The “Map of Named Erratics” (Fig. 1) likewise aggregates individual data points to draw a continental scale pattern of glaciation. In this case, the data points are some 207 culturally identified boulders distributed along the east to west glacial limit line. Named boulders were located from scientific and popular geological texts, town newspapers, local history museums, and for more recent documents, through geo-caching websites. Rocks were included as long as they had somehow been named, recorded, and characterized on an individual basis, and as a minimum criterion, whose name would be recognized by people who don’t know each other. “An erratic on Mt. Washington” wouldn’t make the cut, but “Sleeping Boulder” would. Rocks are often given the name of the river, town, or street that developed around it. Other times names describe the rock’s likeness to an animal or object (Frog Rock, Whale Head Rock, Bung-Stopper Rock). A series of names describes the positioning of the rock, and its stability or instability (Tilting Rock [Fig.19], Balance Rock [Fig.8], Tripod Rock [Fig. 15]). There are five "Split Rocks," not surprisingly all of which are broken into pieces, indicating an interest in the idea of the boulder as a singular unit. There are seven boulders named “Indian Rock,” which suggests the legacy of appropriating, stealing, and museum-izing of indigenous and often sacred boulder landmarks. The base drawing is a USGS map of glacial features (1945), which indicates the extents and surface deposits of the Wisconsin, Illinoian, and Kansan Ice Sheets, and then at a much finer grain indicates smaller scale glacial phenomena. A dotted branching symbol indicates the site of a boulder train; a small cross signifies areas where multiple erratics have been observed. Individual boulders, whose observation was instrumental in the understanding of these large-scale processes, however, slip out of the resolution of such maps.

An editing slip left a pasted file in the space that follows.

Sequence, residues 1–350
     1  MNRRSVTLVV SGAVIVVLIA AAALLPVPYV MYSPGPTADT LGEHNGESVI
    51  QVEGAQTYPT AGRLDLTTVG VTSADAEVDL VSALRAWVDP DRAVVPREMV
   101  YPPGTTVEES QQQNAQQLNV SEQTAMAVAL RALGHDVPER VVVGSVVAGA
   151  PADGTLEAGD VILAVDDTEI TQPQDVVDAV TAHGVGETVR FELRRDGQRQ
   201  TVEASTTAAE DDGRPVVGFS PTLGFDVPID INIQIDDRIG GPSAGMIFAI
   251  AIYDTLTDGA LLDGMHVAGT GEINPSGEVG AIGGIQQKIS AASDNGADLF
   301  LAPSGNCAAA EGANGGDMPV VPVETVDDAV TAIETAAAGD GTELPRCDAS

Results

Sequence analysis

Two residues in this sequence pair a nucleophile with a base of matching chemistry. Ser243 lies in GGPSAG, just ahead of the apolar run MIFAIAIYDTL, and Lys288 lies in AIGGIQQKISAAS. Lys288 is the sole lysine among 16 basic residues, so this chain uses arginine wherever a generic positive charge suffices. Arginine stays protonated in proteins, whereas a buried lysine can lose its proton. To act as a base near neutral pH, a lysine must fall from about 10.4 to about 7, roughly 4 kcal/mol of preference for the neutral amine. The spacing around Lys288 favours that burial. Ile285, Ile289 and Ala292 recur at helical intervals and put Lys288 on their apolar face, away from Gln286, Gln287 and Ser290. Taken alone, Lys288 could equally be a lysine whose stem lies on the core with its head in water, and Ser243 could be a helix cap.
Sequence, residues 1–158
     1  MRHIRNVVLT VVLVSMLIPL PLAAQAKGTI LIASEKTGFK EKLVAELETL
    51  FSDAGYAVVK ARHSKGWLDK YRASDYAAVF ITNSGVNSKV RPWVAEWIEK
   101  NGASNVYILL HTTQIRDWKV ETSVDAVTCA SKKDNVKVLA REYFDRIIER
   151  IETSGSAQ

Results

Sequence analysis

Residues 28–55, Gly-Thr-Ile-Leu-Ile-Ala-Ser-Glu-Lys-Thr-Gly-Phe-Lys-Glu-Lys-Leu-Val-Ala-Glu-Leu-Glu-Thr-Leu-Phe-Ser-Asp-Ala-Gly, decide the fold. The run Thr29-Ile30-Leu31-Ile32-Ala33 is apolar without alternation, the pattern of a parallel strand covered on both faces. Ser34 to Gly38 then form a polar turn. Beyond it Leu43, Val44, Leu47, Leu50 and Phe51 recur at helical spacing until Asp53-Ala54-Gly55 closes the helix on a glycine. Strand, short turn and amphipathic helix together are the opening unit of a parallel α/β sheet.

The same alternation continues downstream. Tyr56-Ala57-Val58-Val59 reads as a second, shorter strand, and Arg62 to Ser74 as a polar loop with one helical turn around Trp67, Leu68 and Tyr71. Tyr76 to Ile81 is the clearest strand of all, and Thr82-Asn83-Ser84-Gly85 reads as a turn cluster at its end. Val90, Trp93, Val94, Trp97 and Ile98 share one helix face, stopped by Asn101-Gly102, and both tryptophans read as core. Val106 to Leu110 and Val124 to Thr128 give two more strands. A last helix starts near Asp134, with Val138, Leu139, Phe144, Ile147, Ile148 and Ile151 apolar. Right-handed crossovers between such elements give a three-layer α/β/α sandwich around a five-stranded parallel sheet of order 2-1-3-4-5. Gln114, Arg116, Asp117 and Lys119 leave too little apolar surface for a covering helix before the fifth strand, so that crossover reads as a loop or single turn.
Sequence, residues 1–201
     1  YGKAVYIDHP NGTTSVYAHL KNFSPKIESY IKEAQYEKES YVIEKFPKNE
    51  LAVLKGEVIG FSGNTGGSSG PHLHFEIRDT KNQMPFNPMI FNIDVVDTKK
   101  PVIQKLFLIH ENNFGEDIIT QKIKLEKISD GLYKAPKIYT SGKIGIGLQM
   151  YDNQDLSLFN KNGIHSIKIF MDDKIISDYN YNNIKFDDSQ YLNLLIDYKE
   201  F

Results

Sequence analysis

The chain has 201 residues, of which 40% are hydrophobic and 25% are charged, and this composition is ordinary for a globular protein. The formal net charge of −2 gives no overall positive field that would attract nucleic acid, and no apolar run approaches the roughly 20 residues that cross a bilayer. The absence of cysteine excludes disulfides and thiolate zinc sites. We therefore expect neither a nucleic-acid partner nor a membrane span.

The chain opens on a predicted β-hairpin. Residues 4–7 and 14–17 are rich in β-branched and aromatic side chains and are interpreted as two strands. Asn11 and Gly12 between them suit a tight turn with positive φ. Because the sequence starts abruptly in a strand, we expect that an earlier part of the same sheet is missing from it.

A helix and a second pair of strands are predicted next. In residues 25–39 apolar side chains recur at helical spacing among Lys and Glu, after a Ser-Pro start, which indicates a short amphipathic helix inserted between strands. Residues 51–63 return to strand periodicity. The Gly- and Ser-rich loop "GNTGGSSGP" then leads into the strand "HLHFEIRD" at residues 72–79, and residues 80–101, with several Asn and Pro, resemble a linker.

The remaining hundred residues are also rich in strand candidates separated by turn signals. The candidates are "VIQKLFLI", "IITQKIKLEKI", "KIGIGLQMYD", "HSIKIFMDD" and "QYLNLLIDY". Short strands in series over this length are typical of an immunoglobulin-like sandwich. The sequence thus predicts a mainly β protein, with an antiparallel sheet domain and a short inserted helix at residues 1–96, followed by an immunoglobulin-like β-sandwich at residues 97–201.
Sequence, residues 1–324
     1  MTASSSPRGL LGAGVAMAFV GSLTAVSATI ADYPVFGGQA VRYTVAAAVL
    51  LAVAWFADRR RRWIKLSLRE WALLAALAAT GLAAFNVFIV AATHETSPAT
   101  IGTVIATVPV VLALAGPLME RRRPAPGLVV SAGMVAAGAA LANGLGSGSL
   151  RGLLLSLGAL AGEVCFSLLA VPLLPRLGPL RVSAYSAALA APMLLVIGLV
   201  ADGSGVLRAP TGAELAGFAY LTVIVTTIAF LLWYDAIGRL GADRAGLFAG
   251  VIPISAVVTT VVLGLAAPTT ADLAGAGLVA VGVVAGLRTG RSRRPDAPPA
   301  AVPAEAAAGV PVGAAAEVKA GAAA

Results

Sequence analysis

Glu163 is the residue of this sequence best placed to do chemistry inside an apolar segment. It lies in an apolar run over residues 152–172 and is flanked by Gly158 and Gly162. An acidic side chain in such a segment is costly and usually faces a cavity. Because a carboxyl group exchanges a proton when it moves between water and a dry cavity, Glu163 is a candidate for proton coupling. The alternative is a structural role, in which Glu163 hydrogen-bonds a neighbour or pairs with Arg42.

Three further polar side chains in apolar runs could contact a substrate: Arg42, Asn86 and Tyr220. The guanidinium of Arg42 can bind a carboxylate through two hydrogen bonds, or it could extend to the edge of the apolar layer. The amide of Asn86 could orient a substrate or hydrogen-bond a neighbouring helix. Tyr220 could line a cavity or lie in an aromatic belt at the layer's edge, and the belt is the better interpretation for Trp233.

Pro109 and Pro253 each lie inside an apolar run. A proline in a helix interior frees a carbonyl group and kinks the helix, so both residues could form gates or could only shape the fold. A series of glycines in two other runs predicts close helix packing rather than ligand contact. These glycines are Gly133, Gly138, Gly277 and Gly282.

(from left top to right bottom)
  • Fig. 2. Omak Rock, Omak, WA. Photo: Tim Greyhavens
  • Fig. 3. Ship Rock, Peabody, MA Photo Source: Gardner Collection of Photographs, Harvard College Library
  • Fig. 4. Rollstone Boulder, Fitchburg, MA Photo Source: Gardner Collection of Photographs, Harvard College Library
  • Fig. 5. Cauchegan Rock, Montville, CT Photo Source: Gardner Collection of Photographs, Harvard College Library
  • Fig. 6. Phaeton Rock, Lynn, MA Photo Source: Gardner Collection of Photographs, Harvard College Library
  • Fig. 7. Balance Rock, Lanesborough, MA Photo Source: Lanesborough Historical Commission
  • Fig. 8. Rollstone Boulder, Fitchburg, MA Photo Source: Peter Cristofono collection
  • Fig. 9. Kidstone Lake Rocking Stone, Kidstone Lake, Nova Scotia. Photo Source: Gardner Collection of Photographs, Harvard College Library
  • Fig. 10. Cobble Rock, North Smithfield, RI Photo Source: Peter Cristofono
(from left top to right bottom)
  • Fig. 11. Rum Rock, Barre, MA. Photo: Jim Moore
  • Fig. 12. Babson Boulders (Courage), Cape Ann, MA. Photo: Jane Hutton
  • Fig. 13. White Rock, White Rock, British Columbia Photo: Kevin Korpi
  • Fig. 14. Bronx Zoo Rockingstone, NY Photo Source: Roswell Yates
  • Fig. 15. Tripod Rock, Kinnelon, NJ Photo: Crystalinks.com
  • Fig. 16. Madison Boulder, Madison, NY Photo Source: Gardner Collection of Photographs, Harvard College Library
  • Fig. 17. Prayer Rock, Ipswich, SD Photo: J. Stephen Conn
  • Fig. 18. Tilting Rock, Annisquam, MA Photo Source: Gardner Collection of Photographs, Harvard College Library
  • Fig. 19. Bubble Rock, Acadia National Park, Bar Harbor, ME Photo: Matt Lehrer